One day the system could destroy North Korean missiles in mid-flight, a remarkable feat of military might and technical prowess.
But so far, its main victims have been South Korean pop stars, cosmetics companies, and TV shows.
Washington and Seoul plan to deploy the U.S.-developed Terminal High Altitude Area Defense (THAAD) anti-ballistic missile system on South Korean soil before the end of the year, a long-envisioned response to North Korea’s repeated missile tests and threats to attack South Korea, Japan and the United States.
Yet Beijing, a longtime ally of Pyongyang, sees the system as part of a U.S. strategy to contain China, since it could also be deployed against Chinese missiles. And as THAAD’s deployment date draws near, its denunciations have reached fever pitch, spurring retaliations online and in the streets.
Chinese authorities have denied visas to South Korean pop stars who frequently perform on the mainland; rejected imports of South Korean cosmetics; and scrubbed at least five enormously popular South Korean TV shows — some with hundreds of millions of Chinese viewers — from Chinese video streaming sites.
“We don’t have to make the country bleed, but we’d better make it hurt,” the Global Times, a Chinese state-run tabloid, said in an editorial on Wednesday.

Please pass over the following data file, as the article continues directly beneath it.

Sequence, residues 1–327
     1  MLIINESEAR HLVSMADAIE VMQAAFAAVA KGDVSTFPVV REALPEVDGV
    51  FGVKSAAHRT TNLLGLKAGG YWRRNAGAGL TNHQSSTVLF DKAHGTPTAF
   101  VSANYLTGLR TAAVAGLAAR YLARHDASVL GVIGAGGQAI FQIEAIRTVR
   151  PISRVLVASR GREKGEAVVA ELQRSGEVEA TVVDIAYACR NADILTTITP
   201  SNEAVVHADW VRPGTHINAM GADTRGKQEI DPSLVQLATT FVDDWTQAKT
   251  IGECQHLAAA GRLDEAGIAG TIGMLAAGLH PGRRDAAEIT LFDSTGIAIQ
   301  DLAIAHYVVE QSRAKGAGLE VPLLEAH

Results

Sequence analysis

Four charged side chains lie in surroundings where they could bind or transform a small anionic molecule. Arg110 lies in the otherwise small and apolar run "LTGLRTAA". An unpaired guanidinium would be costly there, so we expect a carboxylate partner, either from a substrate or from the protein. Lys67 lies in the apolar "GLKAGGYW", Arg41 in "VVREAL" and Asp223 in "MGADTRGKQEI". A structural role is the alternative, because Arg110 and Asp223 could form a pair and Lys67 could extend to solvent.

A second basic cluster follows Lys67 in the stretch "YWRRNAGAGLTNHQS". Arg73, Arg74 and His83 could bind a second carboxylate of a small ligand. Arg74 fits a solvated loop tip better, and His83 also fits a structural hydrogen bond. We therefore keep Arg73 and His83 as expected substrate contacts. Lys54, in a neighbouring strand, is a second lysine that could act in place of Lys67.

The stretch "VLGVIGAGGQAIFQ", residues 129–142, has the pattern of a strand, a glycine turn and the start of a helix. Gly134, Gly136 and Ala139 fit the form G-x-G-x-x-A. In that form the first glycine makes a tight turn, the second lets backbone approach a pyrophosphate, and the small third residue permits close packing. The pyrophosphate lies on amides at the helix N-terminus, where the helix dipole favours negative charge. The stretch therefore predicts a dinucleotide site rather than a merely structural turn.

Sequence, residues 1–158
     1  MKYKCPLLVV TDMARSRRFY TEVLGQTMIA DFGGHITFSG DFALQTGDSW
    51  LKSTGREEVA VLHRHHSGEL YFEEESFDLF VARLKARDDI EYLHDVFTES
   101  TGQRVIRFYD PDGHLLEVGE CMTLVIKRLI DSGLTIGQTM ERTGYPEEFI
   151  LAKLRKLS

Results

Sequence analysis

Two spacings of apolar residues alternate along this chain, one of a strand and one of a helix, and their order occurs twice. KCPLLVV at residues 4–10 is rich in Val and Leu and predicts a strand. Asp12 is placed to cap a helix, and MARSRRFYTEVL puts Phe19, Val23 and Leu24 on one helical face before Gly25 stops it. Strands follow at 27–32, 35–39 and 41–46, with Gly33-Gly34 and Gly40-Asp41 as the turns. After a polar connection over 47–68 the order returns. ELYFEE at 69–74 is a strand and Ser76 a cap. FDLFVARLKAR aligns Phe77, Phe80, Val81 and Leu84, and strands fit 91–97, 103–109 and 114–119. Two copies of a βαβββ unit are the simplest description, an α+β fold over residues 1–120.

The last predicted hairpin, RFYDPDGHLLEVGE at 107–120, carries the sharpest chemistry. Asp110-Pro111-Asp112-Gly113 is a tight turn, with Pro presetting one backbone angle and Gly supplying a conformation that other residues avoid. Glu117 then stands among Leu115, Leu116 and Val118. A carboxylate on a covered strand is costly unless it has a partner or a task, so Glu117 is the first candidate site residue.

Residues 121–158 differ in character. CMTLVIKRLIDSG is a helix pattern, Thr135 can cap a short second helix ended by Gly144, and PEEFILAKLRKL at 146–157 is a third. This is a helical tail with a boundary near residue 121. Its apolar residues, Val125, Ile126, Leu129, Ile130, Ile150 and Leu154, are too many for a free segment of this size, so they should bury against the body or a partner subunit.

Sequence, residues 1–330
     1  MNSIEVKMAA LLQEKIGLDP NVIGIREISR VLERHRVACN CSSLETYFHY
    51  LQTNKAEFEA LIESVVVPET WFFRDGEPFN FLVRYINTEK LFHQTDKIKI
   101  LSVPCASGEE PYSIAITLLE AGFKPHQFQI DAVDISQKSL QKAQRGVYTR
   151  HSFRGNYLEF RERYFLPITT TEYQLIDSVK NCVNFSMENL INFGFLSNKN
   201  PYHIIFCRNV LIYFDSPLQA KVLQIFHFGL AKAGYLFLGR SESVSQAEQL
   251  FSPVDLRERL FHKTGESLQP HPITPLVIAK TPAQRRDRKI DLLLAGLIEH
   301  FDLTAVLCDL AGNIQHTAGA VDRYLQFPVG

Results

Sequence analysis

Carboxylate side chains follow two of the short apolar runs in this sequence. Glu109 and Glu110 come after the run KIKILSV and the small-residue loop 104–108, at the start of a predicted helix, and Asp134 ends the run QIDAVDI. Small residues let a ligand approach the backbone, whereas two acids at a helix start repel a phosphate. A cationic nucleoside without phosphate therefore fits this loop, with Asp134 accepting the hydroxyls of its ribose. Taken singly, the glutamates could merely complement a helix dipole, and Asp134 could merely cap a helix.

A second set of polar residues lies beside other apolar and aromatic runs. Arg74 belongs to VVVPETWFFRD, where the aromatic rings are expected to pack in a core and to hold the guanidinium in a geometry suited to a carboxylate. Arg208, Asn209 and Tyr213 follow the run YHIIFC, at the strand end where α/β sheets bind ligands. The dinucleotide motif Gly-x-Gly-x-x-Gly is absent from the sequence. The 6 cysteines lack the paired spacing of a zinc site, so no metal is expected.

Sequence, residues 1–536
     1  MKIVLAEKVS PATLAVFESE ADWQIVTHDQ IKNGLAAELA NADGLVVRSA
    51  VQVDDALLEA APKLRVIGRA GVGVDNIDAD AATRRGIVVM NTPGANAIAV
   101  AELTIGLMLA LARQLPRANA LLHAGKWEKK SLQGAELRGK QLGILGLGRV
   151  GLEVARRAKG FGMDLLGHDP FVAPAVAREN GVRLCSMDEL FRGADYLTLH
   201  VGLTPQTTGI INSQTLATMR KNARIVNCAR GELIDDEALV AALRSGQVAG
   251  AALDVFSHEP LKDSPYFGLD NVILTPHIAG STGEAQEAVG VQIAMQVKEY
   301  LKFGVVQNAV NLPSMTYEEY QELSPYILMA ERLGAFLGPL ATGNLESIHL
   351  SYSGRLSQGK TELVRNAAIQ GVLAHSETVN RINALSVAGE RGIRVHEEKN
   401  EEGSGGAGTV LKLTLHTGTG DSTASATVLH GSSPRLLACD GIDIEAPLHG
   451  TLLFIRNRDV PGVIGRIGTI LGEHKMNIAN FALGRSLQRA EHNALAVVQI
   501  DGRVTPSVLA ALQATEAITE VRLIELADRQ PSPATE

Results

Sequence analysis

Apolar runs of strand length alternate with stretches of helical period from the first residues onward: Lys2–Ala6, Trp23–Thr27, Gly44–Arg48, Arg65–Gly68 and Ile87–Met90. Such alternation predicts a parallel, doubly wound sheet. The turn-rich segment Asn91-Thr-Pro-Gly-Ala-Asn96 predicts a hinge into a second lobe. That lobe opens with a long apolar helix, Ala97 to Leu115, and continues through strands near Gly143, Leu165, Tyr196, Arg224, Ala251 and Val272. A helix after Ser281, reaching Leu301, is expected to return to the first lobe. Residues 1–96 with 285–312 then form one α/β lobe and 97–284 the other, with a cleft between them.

The measures have stirred anxiety in South Korea’s business community, upset Chinese TV fans and cast uncertainty over the future of the China-South Korea relationship, which has enjoyed relative stability since the 1990s, enabling huge amounts of transnational commerce and migration.
China is by far South Korea’s largest trading partner.
Shi Yinhong, a professor of international relations at Renmin University in Beijing, said that China — angered by North Korea’s recent missile tests — now faces strained relations with both Koreas for the first time in recent memory.
“This is quite bad, in the long term, for the diplomatic security environment in Northeast Asia,” he said.
Beijing has issued two “solemn representations” to Seoul over the impending deployment, and the People’s Daily, a Communist party mouthpiece, said in an editorial that Beijing could potentially sever diplomatic ties.
But the measures have also played out in more minute and unexpected ways.
On Tuesday, after months of negotiations, South Korean retail giant Lotte Group reached a deal to swap land at its Lotte Skyhill Country Club — a lush, mountainous resort in on the southern side of Jeju Island — for a military-owned parcel on the outskirts of Seoul, making way for the missile shield to be placed on the country club site.
That same day, Chinese authorities fined one of Lotte’s Beijing supermarkets $6,500 for displaying a “false advertisement” — a vanishingly rare charge in the city, according to the state-run Legal Daily.
The fine, while negligible for Lotte — one of South Korea’s largest conglomerates — adds to a long list of challenges in the country. Lotte suspended construction of a planned $2.6-billion theme park project in the northeastern Chinese city of Shenyang this month after facing several fire, safety and tax investigations. Authorities have also targeted Lotte businesses in Beijing, Shanghai and the southwestern city of Chengdu.